Historical events and personal family stories entwined in essays.
In these narratives of 25 moments in her life, essayist Schwartz (Emerita, Writing/Richard Stockton Coll.; Good Neighbors, Bad Times: Echoes of My Father’s German Village, 2008, etc.), the child of German-Jewish immigrants, begins with her father, who returned to the village in Germany that he fled after he realized that as Hitler continued to rise in power, Germany would quickly become a dangerous place for Jews. He managed to move most of his family out prior to the Holocaust, saving them from deportation to the concentration camps. Across other pieces, Schwartz ponders her childhood growing up in Queens, New York, her puppy, her mother’s handbag, and the wallpaper, bricks, and hidden rooms in her house, which dovetails with her consideration of the Underground Railroad and life as a slave. She writes about being a juror and deciding the fate of a prisoner and about two men, one Jewish, one Arab, who have been lifelong friends; she wonders why others can’t overcome these same “political chasms.” Some of the other tender, reflective pieces include a story about writing poems and stories with her granddaughter, living beyond the label of “cancer survivor,” and ruminating on her husband, her lifetime love. “It is through these private lives,” writes the author, “that we come to understand how the thunderstorm in one neighborhood can be a drizzle a few blocks away—and who sees a rainbow, who hears only the storm?....[This book] is my weather report from the mid-twentieth century until now. It’s not truth with a capital ‘T.’ ” Although the essays are highly personal, most readers will relate to the larger pictures of human rights, racism, the women’s movement, and a score of other topics.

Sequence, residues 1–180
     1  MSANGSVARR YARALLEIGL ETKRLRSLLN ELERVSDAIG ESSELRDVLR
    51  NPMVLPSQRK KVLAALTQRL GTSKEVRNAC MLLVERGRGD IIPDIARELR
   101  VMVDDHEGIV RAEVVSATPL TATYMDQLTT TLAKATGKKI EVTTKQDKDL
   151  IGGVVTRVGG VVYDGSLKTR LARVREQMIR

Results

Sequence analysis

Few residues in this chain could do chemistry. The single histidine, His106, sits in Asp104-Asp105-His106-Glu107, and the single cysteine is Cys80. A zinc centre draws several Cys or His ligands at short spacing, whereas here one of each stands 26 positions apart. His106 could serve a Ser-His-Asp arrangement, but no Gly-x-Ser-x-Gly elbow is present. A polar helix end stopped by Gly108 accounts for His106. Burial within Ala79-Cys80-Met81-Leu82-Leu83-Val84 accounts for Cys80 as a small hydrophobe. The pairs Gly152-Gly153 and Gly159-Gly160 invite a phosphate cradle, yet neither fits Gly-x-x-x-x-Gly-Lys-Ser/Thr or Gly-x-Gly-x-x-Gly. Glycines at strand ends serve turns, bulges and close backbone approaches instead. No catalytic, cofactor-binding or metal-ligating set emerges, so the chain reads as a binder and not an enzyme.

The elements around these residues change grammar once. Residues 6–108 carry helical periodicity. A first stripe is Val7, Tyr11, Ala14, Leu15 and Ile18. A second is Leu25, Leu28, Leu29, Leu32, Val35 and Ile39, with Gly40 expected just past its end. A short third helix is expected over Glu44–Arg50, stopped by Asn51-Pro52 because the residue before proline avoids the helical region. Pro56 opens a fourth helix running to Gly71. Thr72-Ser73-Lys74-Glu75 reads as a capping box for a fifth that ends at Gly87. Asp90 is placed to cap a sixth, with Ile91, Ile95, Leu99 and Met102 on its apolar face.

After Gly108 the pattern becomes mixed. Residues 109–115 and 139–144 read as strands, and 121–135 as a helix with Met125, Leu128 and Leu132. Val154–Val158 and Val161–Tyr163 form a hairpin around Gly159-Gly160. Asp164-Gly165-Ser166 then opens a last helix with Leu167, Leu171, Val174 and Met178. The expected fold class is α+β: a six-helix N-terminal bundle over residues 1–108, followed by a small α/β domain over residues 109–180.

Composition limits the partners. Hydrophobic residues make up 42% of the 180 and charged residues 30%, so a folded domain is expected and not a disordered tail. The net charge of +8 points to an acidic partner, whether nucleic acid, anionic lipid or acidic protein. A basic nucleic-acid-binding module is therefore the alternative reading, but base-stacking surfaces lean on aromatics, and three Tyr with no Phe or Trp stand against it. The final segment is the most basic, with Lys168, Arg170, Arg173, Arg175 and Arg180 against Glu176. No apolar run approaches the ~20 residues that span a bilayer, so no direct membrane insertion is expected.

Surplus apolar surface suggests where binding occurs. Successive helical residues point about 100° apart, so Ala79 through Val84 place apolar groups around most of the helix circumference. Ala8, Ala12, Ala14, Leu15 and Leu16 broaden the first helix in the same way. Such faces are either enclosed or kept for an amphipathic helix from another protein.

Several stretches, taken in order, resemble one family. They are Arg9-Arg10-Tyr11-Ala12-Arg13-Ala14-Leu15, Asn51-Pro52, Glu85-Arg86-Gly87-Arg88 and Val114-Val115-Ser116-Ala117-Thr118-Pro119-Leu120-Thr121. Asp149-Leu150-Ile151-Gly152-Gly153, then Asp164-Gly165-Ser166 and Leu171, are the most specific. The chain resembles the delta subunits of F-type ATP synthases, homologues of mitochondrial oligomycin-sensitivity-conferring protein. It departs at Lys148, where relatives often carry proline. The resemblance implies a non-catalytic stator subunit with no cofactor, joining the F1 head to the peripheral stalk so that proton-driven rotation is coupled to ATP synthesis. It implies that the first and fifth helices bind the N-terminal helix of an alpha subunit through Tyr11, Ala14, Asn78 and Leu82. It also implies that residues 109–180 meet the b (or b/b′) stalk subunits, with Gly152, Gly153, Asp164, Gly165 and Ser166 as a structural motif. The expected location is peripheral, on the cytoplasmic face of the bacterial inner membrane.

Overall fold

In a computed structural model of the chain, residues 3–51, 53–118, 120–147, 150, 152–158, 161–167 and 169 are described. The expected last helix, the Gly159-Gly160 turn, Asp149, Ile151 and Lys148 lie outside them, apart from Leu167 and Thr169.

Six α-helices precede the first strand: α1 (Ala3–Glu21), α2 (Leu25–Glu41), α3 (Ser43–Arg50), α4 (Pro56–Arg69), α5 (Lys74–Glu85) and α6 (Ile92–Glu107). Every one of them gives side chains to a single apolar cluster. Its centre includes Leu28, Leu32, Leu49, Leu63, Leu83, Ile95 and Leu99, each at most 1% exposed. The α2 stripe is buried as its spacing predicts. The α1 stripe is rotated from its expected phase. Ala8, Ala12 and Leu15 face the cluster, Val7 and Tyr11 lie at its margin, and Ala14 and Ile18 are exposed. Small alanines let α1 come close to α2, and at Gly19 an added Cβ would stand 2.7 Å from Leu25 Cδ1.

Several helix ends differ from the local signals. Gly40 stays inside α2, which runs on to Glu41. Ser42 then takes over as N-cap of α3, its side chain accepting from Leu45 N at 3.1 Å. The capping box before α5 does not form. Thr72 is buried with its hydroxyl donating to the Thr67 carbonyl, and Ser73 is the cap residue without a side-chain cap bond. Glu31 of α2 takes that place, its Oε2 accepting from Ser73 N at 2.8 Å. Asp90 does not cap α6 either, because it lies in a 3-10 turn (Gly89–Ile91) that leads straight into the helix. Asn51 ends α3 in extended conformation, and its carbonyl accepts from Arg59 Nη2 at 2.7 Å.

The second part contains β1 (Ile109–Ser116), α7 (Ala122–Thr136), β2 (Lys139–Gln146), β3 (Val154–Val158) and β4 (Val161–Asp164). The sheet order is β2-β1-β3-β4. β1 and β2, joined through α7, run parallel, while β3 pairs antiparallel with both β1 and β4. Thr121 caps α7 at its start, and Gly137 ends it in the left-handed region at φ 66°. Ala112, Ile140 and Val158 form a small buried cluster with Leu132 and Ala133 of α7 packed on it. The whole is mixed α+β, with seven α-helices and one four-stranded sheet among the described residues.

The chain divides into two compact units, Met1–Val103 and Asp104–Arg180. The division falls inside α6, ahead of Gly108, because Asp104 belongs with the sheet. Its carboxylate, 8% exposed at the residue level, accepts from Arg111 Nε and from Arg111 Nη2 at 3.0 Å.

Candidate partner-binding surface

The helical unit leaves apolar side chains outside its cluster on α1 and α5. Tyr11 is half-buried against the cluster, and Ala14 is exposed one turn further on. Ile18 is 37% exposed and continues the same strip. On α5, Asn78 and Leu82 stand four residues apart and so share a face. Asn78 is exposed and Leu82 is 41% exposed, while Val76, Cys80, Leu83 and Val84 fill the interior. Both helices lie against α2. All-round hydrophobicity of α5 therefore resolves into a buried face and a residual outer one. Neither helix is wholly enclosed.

Expressive, intimate snapshots of one woman’s life set atop the backdrop of global history.